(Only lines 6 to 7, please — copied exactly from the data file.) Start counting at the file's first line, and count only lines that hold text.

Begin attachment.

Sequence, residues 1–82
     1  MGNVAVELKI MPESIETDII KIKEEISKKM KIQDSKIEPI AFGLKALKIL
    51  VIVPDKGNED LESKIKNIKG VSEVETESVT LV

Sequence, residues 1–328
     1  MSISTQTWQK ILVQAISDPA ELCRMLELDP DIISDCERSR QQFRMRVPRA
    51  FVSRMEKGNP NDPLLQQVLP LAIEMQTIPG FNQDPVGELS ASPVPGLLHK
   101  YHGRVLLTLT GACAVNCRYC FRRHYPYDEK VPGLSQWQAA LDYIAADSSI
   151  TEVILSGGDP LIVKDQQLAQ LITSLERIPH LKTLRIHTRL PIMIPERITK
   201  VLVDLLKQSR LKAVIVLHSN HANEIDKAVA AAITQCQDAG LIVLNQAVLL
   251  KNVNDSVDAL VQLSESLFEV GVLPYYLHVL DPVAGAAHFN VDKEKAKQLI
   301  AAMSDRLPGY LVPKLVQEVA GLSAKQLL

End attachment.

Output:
    51  FVSRMEKGNP NDPLLQQVLP LAIEMQTIPG FNQDPVGELS ASPVPGLLHK
   101  YHGRVLLTLT GACAVNCRYC FRRHYPYDEK VPGLSQWQAA LDYIAADSSI